Why Prioritizing Sleep is So Important, Healthy Sleep Suggestions
Why Prioritizing Sleep is So Important
"Day is over, night has come. Today is gone, what's done is done. Embrace your dreams, through the night. Tomorrow comes with a whole new light."
Things do often seem more positive/clearer after a good night's sleep, don't they? Sleep really is the cornerstone to good health. It's like a dishwasher for the brain, it cleans out the debris from the day, don't miss this chance for restoration. Not getting adequate restful sleep can be a genuine health concern for many people. I see it a lot. Many people suffer from difficulty falling asleep, staying asleep, waking frequently. In our society today sleep can be undervalued. Getting by on only a few hours a night has become a badge of honor. Sleep deprivation is a chronic condition because of temptations such as electronics, late night TV, 24 hour online shopping, surfing the internet, social media....these are all addictive/time wasting practices that keep us from getting enough sleep. We can get into bad sleep habits. It's important to have a healthy sleep routine.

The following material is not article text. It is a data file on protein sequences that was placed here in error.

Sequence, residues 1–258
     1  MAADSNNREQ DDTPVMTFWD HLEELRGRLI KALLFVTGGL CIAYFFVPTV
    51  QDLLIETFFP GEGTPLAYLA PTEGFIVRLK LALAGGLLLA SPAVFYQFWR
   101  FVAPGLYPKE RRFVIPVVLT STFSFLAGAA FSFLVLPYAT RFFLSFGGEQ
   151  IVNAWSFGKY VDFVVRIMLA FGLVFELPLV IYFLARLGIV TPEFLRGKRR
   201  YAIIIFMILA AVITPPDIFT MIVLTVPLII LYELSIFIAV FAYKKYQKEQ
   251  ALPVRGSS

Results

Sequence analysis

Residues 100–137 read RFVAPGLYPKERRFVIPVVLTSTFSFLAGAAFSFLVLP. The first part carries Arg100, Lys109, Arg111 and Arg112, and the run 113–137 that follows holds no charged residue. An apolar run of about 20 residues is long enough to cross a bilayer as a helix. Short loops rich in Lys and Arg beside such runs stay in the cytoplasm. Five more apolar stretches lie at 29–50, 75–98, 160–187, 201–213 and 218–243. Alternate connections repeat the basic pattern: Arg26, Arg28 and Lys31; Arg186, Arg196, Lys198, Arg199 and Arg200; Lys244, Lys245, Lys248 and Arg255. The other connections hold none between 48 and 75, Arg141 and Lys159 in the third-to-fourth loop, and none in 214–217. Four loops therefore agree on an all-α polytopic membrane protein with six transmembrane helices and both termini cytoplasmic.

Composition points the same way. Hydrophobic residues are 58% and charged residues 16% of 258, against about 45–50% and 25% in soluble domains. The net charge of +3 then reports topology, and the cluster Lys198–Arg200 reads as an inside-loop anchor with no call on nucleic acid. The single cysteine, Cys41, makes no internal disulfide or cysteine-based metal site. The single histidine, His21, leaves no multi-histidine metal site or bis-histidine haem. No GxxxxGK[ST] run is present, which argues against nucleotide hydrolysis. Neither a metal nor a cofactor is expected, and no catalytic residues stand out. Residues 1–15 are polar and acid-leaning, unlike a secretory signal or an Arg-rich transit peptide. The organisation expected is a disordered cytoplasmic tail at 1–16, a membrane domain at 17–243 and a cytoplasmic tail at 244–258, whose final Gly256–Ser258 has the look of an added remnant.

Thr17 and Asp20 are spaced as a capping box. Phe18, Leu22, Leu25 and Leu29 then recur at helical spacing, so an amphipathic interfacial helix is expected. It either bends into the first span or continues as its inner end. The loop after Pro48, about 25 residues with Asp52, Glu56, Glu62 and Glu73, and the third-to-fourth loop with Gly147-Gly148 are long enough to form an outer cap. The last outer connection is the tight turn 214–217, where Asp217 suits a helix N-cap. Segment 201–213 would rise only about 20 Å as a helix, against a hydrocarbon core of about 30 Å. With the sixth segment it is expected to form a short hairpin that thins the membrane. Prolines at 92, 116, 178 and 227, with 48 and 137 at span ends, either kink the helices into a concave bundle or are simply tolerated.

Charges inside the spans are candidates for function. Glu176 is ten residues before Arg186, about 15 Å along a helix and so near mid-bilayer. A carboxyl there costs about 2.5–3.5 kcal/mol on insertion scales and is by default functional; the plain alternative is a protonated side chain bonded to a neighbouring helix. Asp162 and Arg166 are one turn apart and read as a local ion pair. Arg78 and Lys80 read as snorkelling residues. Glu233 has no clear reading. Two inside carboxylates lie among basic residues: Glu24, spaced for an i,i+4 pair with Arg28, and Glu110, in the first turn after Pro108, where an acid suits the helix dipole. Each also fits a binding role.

Research has shown that sleep is more powerful than any drug in its ability to restore and rejuvenate the human body and brain. Wow!
So how much sleep should you aim for? Ideally 7.5 - 9 hours a night on a regular basis. If you get less than 7 hours sleep a night, you're doing your body no favors. Chronic lack of sleep contributes to hormonal imbalance, weight gain, low energy, reduced motivation to exercise, food cravings, advanced aging, poor food choices, mood swings, anxiety, depression, high blood pressure, memory loss plus it increases your risk for diabetes and heart disease.
Your hormones work on a schedule. Cortisol, the main stress hormone, regulates at midnight.